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The March 1993 WWF Extravaganza!

by Scrooge McSuck

- Last time around, we re-visited February of 1993. The Road to WrestleMania is here, and the big push is in full effect: Yokozuna absolutely destroyed Jim Duggan to the shock of the live audience, Tatanka scored not one, but two pinfall victories over Intercontinental Champion Shawn Michaels, Crush and Doink are on a Collision Course stemming from Doink injuring Crush with a loaded prosthetic arm, Brutus Beefcake came back and was immediately "injured" at the hands of the heinous Tag Team Champions Money Inc, and don't look now, but the Hulkster's back, BROTHER! We're five weeks and counting from WrestleMania IX... will more of the picture be painted? Let's find out.

WWF Championship Match:
Bret "Hitman" Hart © vs. Headshrinker Fatu (w/ Afa):

From the March 1st, 1993 episode of Monday Night Raw. Quite an odd choice for a title defense... one half of the second-string heel Tag Team? No, it's not non-title, it's really advertised as a Title defense. I guess it just continues the "Bret is the most fighting Champion in WWE History." We've got Savage, Vince, and Rob Bartlett dressed as Elvis on commentary. Ugh. Bret grabs a headlock, but a body press is caught and countered with a slam. Bret avoids an elbow, takes Fatu over, and goes to work on the arm. Criss-cross, Bret fakes tripping, and surprises Fatu with a roll up for two. I always loved when Bret did that spot. Fatu goes for a slam, but Bret hangs onto the armbar. Bret unwisely tries to hurt the head of Fatu, and eats a super-kick for his lack of vision. Fatu with a short-clothesline for two. If Bret loses, do we get Fatu vs. Yokozuna for the WWF Title at WrestleMania IX? Fatu controls with a dull nerve hold. Samu makes his way to ringside, getting in some cheap shots as we take a commercial break.

We return with Bret still looking like death on the arena floor. Fatu with a back breaker for two. Fatu with a piledriver for another two count. Bret was sporting a nasty looking bruise on his nose, and it appears to have ripped open during the last couple of minutes. Hard whip to the corner gets a two count. Fatu with a side suplex and second rope headbutt for two. Fatu heads to the top rope, but Bret pops up and crotches Fatu across the buckle. He follows him up and takes Fatu down with a Super-Plex for a two count. Bulldog out of the corner gets two. Back breaker and second rope elbow connects. He sets up for the Sharpshooter, but Samu interrupts thanks to a distraction from afa. They pull the switch-a-roo, but Bret still kicks out at two. They switch back (why?!), Bret rams the Headshrinkers together. Samu gets hung up in the ropes, Bret knocks Afa off the apron with a dropkick and the Sharpshooter gets three at 12:55. Sorry, Hebner screwed up. He counted three like it were a pinfall, then realized he's an idiot and called for the submission. *** Had some down time with those awful nerve holds, but Bret brought the goods, and Fatu showcased quite a decent amount of offense. I never expected Bret to lose, but it was still a strong showing.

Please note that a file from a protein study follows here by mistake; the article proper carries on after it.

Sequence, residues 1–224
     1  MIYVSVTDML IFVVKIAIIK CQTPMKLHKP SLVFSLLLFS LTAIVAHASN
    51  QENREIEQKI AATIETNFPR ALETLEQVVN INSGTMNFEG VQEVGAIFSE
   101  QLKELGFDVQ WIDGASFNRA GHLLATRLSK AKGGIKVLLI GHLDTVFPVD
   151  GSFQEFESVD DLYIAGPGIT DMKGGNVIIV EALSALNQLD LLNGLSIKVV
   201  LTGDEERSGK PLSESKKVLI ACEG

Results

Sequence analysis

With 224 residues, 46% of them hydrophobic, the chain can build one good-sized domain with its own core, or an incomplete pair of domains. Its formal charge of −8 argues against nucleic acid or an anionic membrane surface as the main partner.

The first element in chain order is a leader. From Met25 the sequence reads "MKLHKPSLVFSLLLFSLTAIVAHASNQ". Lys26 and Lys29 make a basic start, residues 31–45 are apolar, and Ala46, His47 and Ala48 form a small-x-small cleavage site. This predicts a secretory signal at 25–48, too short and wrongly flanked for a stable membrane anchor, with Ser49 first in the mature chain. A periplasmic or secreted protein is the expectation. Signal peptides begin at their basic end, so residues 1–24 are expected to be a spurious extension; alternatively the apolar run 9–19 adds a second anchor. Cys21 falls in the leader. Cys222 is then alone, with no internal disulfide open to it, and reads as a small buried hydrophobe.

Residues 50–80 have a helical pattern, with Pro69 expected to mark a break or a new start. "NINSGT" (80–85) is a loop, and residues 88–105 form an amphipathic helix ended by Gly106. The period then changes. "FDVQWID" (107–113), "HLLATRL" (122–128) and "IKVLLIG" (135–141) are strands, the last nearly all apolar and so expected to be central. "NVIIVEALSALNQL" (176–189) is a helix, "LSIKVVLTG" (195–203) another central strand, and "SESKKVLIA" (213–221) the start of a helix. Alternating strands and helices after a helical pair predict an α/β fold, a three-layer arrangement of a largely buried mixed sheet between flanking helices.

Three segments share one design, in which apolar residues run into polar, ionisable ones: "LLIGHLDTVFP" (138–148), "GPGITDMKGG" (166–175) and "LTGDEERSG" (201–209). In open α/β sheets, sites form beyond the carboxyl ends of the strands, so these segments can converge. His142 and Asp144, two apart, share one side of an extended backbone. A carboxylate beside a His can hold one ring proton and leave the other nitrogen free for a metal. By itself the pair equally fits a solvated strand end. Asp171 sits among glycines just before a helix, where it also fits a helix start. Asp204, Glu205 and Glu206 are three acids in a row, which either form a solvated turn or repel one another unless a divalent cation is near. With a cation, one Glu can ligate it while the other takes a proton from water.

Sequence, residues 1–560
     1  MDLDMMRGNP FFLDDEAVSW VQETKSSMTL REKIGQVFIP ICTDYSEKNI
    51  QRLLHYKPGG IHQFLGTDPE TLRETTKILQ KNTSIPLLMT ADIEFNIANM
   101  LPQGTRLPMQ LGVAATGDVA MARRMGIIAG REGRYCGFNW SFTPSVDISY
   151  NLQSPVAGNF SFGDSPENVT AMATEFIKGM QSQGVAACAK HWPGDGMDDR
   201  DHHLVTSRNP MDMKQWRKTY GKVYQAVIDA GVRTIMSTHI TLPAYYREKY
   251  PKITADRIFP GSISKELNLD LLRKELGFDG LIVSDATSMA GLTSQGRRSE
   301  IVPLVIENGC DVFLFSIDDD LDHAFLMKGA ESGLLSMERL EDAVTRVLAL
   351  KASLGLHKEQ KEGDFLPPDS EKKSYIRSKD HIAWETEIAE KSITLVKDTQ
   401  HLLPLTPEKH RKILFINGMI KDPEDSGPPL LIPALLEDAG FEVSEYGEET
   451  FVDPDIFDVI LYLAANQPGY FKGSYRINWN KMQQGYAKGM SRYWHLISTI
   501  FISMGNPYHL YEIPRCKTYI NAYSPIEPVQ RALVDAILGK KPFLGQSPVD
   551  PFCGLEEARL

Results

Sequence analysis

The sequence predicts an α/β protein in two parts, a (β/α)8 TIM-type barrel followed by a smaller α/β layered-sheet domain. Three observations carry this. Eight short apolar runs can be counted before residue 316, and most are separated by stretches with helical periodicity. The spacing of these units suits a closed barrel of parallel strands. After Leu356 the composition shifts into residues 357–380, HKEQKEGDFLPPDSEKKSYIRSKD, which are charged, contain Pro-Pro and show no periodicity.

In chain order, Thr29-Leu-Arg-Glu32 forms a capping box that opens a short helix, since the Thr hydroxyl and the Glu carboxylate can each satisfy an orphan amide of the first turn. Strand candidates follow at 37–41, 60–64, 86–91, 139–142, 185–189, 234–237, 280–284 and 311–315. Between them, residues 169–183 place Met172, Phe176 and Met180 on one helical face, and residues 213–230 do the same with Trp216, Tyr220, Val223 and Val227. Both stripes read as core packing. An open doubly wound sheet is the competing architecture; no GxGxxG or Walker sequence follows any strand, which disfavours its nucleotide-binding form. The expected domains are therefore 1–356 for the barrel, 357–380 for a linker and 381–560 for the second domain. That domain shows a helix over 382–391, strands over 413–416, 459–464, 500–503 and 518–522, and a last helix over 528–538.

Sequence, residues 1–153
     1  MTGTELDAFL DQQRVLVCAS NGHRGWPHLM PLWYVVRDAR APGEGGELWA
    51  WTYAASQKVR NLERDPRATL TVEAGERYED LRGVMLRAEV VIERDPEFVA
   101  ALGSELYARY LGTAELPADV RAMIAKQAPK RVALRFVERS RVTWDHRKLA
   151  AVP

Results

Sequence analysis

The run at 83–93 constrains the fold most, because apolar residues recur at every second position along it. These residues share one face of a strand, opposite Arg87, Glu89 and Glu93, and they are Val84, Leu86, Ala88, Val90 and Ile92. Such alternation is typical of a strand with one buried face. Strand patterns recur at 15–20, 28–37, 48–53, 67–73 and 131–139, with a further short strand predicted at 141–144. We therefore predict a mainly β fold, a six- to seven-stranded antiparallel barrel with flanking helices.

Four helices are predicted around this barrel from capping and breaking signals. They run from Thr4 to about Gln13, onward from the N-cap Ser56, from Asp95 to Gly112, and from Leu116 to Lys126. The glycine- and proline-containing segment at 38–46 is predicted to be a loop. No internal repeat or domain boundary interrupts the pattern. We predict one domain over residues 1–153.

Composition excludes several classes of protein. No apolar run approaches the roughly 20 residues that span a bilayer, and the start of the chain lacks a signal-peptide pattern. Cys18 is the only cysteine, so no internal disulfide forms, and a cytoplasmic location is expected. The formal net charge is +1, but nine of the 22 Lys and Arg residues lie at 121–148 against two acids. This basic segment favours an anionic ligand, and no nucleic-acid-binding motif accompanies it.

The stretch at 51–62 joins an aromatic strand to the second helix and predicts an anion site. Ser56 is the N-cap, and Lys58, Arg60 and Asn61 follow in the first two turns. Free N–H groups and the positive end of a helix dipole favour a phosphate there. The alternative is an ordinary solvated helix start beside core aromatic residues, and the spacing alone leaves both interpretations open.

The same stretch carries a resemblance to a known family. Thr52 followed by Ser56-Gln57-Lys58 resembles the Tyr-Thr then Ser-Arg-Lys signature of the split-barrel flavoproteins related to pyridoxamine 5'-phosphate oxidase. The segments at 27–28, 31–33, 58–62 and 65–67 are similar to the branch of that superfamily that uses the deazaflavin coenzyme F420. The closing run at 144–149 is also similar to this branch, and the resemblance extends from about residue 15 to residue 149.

Koko B. Ware vs. Doink (the Clown):

Still from the March 1st episode of Raw. Good to see Koko's recovered from the knee injury he was selling during a match against Money Inc. For reasons unexplained, he comes out to his "Bird, Bird, Bird" music, but still dressed in High Energy gear. Doink attacks him from behind and quickly goes to work on the left knee... wait, Doink using continuity from a match he wasn't involved in?! He turns Koko over with a Single-Leg Crab, then turns it into the Crossface! He changes it up with a spinning toe hold. Koko flails away, as if it's his only defense. Doink with a swinging neck breaker, and the Stump Puller forces Koko to give up at 1:49! 1/2* Just a quick squash match, but damn does Doink have some good moves. The list of old names he's embarrassed in the ring: Typhoon, Big Boss Man, and now Koko B. Ware. Post-match, Doink pies Elvis Bartlett in the face... wait, he's supposed to be a heel!

Typhoon vs. Papa Shango:

From the March 6th, 1993 episode of WWF Mania. You know what this means... it's a Mania EXCLUSIVE! We've got Sean Mooney and Lord Alfred Hayes calling this. We have to be getting close to the last time we hear both these men in the broadcast booth. Lockup, Shango grabs a headlock. Whip to the ropes, and a shoulder tackle has no effect on Typhoon. Typhoon catches a body press and plants Shango with a slam. Shango calls for a test-of-strength, but chooses to plant a pair of boots to the midsection. He misses a charge to the corner, and falls victim to another slam. He manages to recover and throw Typhoon into the buckle, using a handful of tights for leverage. Shango sends Typhoon to the corner and continues to pound away. Whip and Shango with a dropkick for two. Whip is reversed and Shango grabs a sleeper hold. Typhoon mounts a comeback, sending Shango to the floor with a clothesline. Shango's all "whatever", shoots pyro out of his voodoo stick, and beats Typhoon down with it to draw a Disqualification at 4:58. 1/2* Dull match, but thankfully short. I think every Shango match from the Summer of '92 and onward ended with that same finish. Typhoon gets his "heat" back by powerslamming Shango. I doubt either man will be doing something meaningful at WrestleMania IX.